Omnipresent authigenic calcite overgrowth on microfossils distorts Arctic radiocarbon chronology and isotope stratigraphy

The majority of paleoceanographic proxies uses calcareous microfossils as source. In the Arctic Ocean these microfossils are often altered by authigenic calcite overgrowth, this has an significant impact on the reliability of such proxies
Published in Earth & Environment

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Recently we, a group of senior scientists, each specialized in a specific field, have published a study on the impact of authigenic calcite on radiocarbon, carbon- and oxygen isotope measurements on foraminiferal shells from sediment cores of the central Arctic Ocean in Communications Earth and Environment. This study started in 2018 when I (Jutta Wollenburg) (Fig. 1) was selecting pristine Neogloboquadrina pachyderma specimens from a sediment core collected in 2015 on the Yermak Plateau, for radiocarbon dating in the AWI Micadas laboratory.


Out of pure curiosity, I also picked translucent-white specimens with adherent authigenic overgrowth for parallel dating. Although for both sample sets only translucent white specimens were picked, I noticed significant age-offsets. At this point micropaleontologist/geologist Jens Matthiessen, as well as Gesine Mollenhauer and Hendrik Grotheer from the Micadas radiocarbon laboratory, and myself decided to precisely document the occurrence of authigenic calcite in sediments of the central Arctic Ocean, where foraminiferal shells are more severely affected by authigenic calcite precipitates than on the Yermak Plateau or Barents Sea continental slope, which are close to the ocean margin. We opted


for core PS72/413-3 from the Mendeleev Ridge, because of its excellent calcite and aragonite microfossil preservation. This enabled 1 cm-step wise radiocarbon measurements on translucent-white shells with and without overgrowth. Where enough shells of respective preservation states could be isolated, additionally carbon and oxygen isotope measurements were performed. Finally, we applied the same strategy to an old sediment core (PS2185-6) used in multiple publications to compare our data with published isotope and radiocarbon records.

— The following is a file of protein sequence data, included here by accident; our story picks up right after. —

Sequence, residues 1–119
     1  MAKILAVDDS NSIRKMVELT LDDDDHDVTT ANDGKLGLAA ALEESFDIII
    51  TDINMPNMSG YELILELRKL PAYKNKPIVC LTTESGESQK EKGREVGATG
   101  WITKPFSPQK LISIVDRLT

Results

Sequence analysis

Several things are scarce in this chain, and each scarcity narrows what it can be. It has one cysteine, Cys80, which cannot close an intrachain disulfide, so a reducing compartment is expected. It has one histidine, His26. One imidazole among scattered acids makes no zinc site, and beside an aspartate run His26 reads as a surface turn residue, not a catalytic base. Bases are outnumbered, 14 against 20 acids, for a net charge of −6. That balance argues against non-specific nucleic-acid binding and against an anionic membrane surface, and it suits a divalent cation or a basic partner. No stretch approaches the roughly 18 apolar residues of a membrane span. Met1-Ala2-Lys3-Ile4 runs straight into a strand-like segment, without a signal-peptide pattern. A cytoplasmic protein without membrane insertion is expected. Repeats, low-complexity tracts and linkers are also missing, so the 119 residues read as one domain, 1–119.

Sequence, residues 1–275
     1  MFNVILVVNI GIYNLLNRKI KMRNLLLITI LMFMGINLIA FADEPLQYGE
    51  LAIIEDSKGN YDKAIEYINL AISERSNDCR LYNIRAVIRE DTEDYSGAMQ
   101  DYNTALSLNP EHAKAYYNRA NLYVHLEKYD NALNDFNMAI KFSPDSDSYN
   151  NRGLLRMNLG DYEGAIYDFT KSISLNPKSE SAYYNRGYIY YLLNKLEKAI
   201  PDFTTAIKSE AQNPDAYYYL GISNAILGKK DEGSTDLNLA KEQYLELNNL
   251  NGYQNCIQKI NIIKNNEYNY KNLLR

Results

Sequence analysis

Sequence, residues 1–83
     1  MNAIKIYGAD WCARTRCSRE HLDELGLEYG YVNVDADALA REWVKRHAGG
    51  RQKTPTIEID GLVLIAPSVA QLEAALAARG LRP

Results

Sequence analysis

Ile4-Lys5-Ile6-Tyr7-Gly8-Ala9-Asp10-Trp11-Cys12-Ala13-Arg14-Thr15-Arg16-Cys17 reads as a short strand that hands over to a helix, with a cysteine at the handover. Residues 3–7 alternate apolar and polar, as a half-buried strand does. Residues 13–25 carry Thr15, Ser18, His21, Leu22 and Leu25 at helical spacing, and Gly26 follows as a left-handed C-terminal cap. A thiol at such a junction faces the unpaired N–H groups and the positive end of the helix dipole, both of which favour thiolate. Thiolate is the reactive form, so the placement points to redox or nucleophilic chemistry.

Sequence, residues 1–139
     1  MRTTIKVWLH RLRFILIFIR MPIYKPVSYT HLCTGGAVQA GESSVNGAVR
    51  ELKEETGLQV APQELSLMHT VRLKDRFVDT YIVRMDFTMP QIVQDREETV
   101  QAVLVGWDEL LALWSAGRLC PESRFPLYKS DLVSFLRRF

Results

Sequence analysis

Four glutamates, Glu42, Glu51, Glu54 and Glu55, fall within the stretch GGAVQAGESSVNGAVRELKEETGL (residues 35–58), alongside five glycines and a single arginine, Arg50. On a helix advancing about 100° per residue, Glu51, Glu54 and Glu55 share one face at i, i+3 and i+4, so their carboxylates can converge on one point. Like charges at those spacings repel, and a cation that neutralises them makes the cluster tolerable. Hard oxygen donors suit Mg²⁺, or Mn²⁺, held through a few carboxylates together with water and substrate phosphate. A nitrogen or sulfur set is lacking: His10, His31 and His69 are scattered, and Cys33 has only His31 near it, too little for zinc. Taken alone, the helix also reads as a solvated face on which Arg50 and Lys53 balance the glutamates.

Radiocarbon measurements are considered the most reliable dating method for sediments of the last 45000 years. Therefore, this method is widely used, not only by paleontologists and micropaleontologists with a comprehensive understanding of species taxonomy, ecology and shell structure. Planktonic foraminifera shells are the preferred proxy source for surface water reconstructions and radiocarbon dating. However, as their calcareous shells consist of a puzzle of tiny hyaline mesocrystals, intermediate organic layers and have the highest porosity amongst all foraminifera, they are extremely vulnerable to diagenetic changes. Both dissolution and overgrowth by authigenic calcite/aragonite leads to an incorporation of exogenous components into the biogenic shell. As we showed, this changes not only the 14C content but potentially all isotope and trace metal contents of the biogenic shell. With deep-water temperatures of -0.9°C and ventilation provided mainly by highly-oxygenated saline brines released during seasonal sea-ice formation, the deep central Arctic Ocean belongs today to the most extreme oceanographic areas, and even more so when deep-water ventilation diminished during glacial periods. Large down-core fluctuations in the planktonic vs. benthic foraminifera ratios, and high fragmentation of white instead of translucent-white planktonic foraminifera shells report from times of lowered bottom-/porewater pH. Even some of the barren intervals amounting to about 1/3 of a common central Arctic Ocean sediment core may reflect times with calcite-aggressive pH. However, today the deep Arctic Ocean has no carbonate compensation depth (CCD), and as curious as it may sound the published study reports on the omnipresent occurrence of authigenic calcite as discrete sedimentary crystals and, more importantly, by encrusting the majority of foraminifera shells. As has been recorded elsewhere, authigenic calcite overgrowth is often accompanied by a slight brownish discoloration of planktonic foraminiferal shells, and although dominant in arctic sediments (Fig. 2), for measurements such specimens should be avoided. In our study we show that it is important to document the diagenetic preservation status of the specimens selected for proxy measurements in each sample, and that it requires a trained person and good microscope to identify suitable specimens. However, our comparative downcore measurements are more than a plea for a cautious selection of specimens for measurements, it puts our basic understanding of paleoceanographic changes in the Arctic Ocean over the last 50.000 years at stake. We show that almost all pre-Holocene N. pachyderma specimens are significantly altered by authigenic overgrowth, which leads to age-offsets of >+10.000 years for shells with overgrowth, a fact that was obviously not noticed in previous paleoceanographic studies of the Arctic Ocean. As consequence sedimentation rates, which have been considered close to zero during MIS2, are in our cores much higher, reporting different late glacial sedimentation processes, younger and potentially changed oceanographic events. For example: Freshwater events as indicated by low d18O N. pachyderma records, need to be re-interpreted as we found extremely depleted d18O values in some of the measured authigenic crystals, and furthermore, according to our radiocarbon dating, they should have occurred at a much younger time. Diagenetic alterations of calcareous foraminifera and other microfossils are not restricted to the Arctic Ocean, thus, potential errors in radiocarbon ages and other biogenic calcite-based proxies elsewhere in the world’s ocean cannot be excluded until investigators document the preservation status of the specimens measured.